Sometimes we should be deeply impacted by a text of Scripture, not so much as an encouragement or a comfort, but seriously scaring us to death. We are conditioned to seek solace, comfort, encouragement, even exhortation, in the Bible. We are told and, perhaps, taught, others to hold on to its promises. But, this is only half right. We should be consoled by texts meant to console, yet scared to death by texts meant to slay us. Ephesians 3:1-13 is one such text of Scripture (despite most preachers never presenting this path of relevance or application from this pericope of Paul’s words).
“For this reason I, Paul, a prisoner for Christ Jesus on behalf of you Gentiles—assuming that you have heard of the stewardship of God’s grace that was given to me for you, how the mystery was made known to me by revelation, as I have written briefly. When you read this, you can perceive my insight into the mystery of Christ, which was not made known to the sons of men in other generations as it has now been revealed to his holy apostles and prophets by the Spirit. This mystery is that the Gentiles are fellow heirs, members of the same body, and partakers of the promise in Christ Jesus through the gospel.”
Here some of my thoughts that arise from Paul’s words to the church in Ephesus:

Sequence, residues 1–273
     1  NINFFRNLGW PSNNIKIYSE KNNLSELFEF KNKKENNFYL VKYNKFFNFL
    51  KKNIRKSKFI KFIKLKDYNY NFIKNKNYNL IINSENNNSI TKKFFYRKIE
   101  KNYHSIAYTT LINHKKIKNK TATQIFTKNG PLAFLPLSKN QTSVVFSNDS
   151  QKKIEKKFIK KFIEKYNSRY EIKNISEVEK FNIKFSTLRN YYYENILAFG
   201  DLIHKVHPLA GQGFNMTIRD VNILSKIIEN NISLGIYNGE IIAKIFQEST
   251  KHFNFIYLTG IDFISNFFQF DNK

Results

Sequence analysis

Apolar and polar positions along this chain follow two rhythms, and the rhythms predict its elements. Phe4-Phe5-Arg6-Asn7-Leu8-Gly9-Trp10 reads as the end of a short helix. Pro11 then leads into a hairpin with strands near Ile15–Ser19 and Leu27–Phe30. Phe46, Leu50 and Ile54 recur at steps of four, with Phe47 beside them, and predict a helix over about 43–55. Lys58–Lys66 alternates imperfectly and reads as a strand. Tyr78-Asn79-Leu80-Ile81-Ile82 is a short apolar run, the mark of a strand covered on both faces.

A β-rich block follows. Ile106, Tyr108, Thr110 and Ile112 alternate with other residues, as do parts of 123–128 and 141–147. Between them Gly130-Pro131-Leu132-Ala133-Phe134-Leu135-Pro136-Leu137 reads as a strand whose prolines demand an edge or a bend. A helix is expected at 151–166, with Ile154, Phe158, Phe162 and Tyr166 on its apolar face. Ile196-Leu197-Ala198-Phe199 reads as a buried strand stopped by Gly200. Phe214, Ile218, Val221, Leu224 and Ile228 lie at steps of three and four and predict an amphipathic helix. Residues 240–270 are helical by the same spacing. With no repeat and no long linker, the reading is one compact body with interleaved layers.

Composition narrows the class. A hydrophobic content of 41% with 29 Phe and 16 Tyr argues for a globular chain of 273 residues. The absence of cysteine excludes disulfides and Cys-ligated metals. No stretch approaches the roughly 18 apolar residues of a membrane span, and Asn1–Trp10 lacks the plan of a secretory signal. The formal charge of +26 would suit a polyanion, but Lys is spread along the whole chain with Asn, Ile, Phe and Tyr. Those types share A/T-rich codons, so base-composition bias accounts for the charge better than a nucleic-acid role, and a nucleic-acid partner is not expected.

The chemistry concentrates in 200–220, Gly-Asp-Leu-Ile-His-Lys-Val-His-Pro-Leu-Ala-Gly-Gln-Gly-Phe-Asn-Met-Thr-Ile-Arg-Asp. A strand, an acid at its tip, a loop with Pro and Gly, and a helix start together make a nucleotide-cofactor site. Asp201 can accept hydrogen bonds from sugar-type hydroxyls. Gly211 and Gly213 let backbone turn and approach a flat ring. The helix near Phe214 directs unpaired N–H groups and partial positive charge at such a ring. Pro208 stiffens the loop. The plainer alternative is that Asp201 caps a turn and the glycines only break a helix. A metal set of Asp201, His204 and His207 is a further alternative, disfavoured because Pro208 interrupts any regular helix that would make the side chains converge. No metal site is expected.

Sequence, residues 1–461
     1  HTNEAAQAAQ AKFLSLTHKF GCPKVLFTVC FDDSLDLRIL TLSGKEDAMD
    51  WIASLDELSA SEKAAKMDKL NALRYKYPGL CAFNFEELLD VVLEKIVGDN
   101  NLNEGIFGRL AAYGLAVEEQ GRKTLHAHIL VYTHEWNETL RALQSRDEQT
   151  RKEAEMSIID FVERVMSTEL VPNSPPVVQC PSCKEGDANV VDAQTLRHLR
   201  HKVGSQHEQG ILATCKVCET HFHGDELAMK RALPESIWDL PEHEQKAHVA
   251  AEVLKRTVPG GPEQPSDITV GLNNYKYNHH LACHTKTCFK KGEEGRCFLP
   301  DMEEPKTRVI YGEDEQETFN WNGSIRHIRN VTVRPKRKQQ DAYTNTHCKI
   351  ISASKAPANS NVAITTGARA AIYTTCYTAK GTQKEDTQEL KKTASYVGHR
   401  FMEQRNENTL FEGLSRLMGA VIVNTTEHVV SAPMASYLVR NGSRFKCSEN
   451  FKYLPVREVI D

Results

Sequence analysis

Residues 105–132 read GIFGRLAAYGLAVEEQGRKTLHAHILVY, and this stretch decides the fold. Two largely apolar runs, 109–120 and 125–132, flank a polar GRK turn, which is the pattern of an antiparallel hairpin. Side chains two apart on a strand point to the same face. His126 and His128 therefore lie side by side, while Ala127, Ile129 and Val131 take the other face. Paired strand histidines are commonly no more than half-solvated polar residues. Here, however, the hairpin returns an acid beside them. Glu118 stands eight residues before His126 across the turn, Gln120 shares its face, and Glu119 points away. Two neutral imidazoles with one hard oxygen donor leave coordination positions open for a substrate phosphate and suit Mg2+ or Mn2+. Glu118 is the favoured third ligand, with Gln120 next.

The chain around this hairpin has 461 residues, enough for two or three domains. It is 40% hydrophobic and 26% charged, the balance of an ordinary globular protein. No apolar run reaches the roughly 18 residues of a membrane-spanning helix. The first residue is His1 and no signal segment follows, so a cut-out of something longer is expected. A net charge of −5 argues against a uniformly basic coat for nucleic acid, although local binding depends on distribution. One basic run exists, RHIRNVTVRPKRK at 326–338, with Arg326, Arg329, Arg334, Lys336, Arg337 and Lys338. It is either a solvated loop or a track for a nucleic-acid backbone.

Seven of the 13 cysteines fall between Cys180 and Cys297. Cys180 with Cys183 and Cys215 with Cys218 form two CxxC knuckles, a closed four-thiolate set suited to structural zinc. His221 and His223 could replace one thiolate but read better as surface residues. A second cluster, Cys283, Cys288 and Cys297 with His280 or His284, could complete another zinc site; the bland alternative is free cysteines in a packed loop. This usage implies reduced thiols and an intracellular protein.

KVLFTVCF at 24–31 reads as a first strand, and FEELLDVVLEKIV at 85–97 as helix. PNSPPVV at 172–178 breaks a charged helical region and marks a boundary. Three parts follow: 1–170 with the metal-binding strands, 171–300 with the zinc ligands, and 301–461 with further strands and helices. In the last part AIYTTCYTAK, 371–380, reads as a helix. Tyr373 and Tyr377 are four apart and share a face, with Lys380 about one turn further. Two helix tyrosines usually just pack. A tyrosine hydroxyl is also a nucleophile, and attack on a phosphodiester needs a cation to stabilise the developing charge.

I recall, now too many years ago to acknowledge, telling some bible college students that were complaining about the rule that all hats, including baseball caps, were to be taken off inside a campus building:
“If you can’t take off those caps now, what makes you think you’ll be able to die for your faith in some god-forsaken land when all indication seems to indicate that God has abandoned you?”
If you are a Christian (especially a Christian leader), you shouldn’t be able to read Ephesians 3:1-13 with any measure of comfort either—and it should scare the hell out of you, as well. The question remains, nonetheless, where will you go? To whom will you go to? With whom will you live and ministry so that all, that is those now outside the church, may have access to the Father?
Chip M. Anderson, advocate for biblical social action; pastor of an urban church plant in the Hill neighborhood of New Haven, CT; husband, father, author, former Greek & NT professor; and, 19 years involved with social action.